As part of its authoritative Travel Trends Survey, Travel Leaders Group polled 1,226 U.S.-based travel agency owners, managers and frontline agents on the trends they’ve spotted for the coming year, including the top up-and-coming vacation destinations around the world. For Europe in 2015, Croatia tops the list, at 25.2 percent; followed by the Greek Islands, 21 percent; Iceland, 17.8 percent; the Czech Republic, 10.3 percent; and Portugal, 8.8 percent.

Visitors to Croatia will find a country rich in historic sites dating to the Roman Empire and blessed with miles of coastline along the Adriatic Sea that offers opportunities for recreation and relaxation. Dubrovnik, once a maritime power in its own right, is home to one of the world’s best-preserved medieval walled cities. “Game of Thrones” fans will want to take a tour of spots where the HBO series is filmed. The city plays host to a summer festival of classical music, ballet and theater that will be held this year from July 10 to Aug. 25.

The sun-splashed Greek Islands are places to revel in some of Europe’s most romantic locations. Santorini is a popular destination for honeymoons and weddings. Created by volcanic eruptions thousands of years ago, it’s famed for gorgeous sunsets, cliff-side villages and ancient ruins. On Crete, the largest of the islands, travelers can explore the maze-like Old Town and the breathtaking Samaria Gorge. Visitors to Skopelos can see where “Mamma Mia!” was filmed.

Iceland’s rugged landscape beckons travelers who want to get close to nature. From Reykjavik, the lively capital, it’s easy to take in a whale watching excursion or a trip to the soothing waters of the Blue Lagoon geothermal spa. In June, Ice Cave Iceland opens at Langjokull, giving visitors a chance to explore Europe’s second-largest glacier from the inside. September to April is a great time to view the dazzling nighttime display of the aurora borealis, or northern lights.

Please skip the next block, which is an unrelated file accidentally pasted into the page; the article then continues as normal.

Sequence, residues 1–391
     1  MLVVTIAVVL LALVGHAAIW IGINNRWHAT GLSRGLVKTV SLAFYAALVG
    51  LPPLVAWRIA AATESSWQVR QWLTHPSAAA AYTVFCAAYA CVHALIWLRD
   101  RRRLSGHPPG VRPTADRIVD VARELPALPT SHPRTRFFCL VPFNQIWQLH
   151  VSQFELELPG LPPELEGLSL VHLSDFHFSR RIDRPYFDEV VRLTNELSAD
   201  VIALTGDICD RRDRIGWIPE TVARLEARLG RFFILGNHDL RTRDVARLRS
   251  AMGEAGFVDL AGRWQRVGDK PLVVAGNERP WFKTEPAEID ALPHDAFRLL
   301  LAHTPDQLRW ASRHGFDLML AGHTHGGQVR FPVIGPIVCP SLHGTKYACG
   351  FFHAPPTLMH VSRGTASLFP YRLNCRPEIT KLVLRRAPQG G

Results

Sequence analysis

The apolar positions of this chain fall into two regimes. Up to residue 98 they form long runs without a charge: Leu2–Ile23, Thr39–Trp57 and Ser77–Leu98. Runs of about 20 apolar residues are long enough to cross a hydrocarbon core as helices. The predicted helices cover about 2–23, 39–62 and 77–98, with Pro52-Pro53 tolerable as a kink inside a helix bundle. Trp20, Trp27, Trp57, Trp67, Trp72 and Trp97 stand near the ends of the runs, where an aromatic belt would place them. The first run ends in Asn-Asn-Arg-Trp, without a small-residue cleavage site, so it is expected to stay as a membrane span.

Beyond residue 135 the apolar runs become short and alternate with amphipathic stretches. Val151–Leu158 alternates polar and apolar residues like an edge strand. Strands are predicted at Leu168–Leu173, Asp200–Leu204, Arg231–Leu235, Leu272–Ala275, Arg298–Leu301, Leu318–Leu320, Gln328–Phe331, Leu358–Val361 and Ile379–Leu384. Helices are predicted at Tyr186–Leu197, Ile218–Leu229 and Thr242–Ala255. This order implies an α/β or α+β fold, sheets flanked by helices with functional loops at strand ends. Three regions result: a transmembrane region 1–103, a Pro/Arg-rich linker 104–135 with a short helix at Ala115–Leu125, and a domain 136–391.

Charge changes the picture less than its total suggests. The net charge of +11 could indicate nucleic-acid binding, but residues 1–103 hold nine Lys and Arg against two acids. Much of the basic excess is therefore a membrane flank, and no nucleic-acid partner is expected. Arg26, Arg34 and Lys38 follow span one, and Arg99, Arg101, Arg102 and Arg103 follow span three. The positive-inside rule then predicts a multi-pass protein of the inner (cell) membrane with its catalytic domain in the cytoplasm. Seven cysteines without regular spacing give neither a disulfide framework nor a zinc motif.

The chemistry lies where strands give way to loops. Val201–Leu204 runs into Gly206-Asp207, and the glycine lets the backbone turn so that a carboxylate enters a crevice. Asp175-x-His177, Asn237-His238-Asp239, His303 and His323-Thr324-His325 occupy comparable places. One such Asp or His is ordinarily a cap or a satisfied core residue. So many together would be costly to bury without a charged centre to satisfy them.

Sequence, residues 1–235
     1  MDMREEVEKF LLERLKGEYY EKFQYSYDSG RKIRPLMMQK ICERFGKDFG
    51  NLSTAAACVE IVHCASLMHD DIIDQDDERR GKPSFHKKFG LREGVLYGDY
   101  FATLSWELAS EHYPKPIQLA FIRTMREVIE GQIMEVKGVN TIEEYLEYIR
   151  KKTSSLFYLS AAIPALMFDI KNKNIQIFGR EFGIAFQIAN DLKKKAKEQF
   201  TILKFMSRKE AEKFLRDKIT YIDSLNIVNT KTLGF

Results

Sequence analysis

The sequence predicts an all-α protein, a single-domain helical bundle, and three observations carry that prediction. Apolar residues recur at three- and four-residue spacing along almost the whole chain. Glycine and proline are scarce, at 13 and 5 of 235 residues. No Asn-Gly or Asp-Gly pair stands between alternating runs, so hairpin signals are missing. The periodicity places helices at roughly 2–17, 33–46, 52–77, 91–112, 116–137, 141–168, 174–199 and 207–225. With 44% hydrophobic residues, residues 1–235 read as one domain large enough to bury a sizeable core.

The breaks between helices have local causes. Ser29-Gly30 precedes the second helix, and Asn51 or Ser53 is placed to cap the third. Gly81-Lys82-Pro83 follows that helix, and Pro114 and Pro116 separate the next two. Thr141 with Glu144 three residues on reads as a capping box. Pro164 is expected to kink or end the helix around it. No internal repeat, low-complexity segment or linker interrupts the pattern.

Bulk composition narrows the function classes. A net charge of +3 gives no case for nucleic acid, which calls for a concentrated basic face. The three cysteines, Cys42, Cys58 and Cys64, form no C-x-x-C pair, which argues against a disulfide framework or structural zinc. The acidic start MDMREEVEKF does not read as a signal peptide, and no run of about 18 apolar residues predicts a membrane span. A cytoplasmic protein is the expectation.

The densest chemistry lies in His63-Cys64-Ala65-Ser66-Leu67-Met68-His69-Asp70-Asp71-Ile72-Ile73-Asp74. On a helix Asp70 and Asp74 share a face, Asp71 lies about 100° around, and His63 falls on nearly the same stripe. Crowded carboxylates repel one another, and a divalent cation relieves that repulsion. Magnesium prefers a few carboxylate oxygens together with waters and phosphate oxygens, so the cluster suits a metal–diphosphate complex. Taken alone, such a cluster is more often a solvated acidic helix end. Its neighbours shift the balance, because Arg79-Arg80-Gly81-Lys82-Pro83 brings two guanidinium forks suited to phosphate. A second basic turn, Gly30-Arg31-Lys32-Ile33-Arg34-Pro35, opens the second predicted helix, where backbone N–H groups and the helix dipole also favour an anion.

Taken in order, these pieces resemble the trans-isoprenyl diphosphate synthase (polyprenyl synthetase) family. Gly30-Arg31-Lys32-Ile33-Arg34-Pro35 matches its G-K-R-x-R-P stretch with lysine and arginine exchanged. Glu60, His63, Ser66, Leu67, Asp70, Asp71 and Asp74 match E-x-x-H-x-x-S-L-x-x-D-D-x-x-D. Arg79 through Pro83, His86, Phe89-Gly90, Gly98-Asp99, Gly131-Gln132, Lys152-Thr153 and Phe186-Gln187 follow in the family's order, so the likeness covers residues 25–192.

The Czech Republic is a place to soak up the old-world charm of Central Europe. On the must-see list in Prague, the capital, are the 9th-century Prague Castle, which towers over the city; the well-preserved Old Town; and the Charles Bridge, with its stunning views. For classical music lovers, the Dvorak Festival, honoring one of the Czech Republic’s most beloved native sons, will be held in Prague Sept. 7 – 23.

Portugal, with its sunny climate, is a year-round holiday destination. The Algarve, in the south, is known for its sandy beaches, while Porto, in the north, is the home of port wine and offers a fascinating mix of ancient and modern architecture. The Feast of Trays takes place July 4 – 13, in Tomar, in central Portugal. It’s an ancient tradition in which young girls parade through the streets wearing headdresses made from loaves of bread.

For help planning a European vacation, contact your travel agent.


 

Business Travel: Sustainability and Business Travel Aren’t Mutually Exclusive

Sustainability has been a guiding principle for businesses for some time. Everything human beings need for survival depends on protecting the environment, on making sure that natural resources, clean air and clean water are preserved for future generations.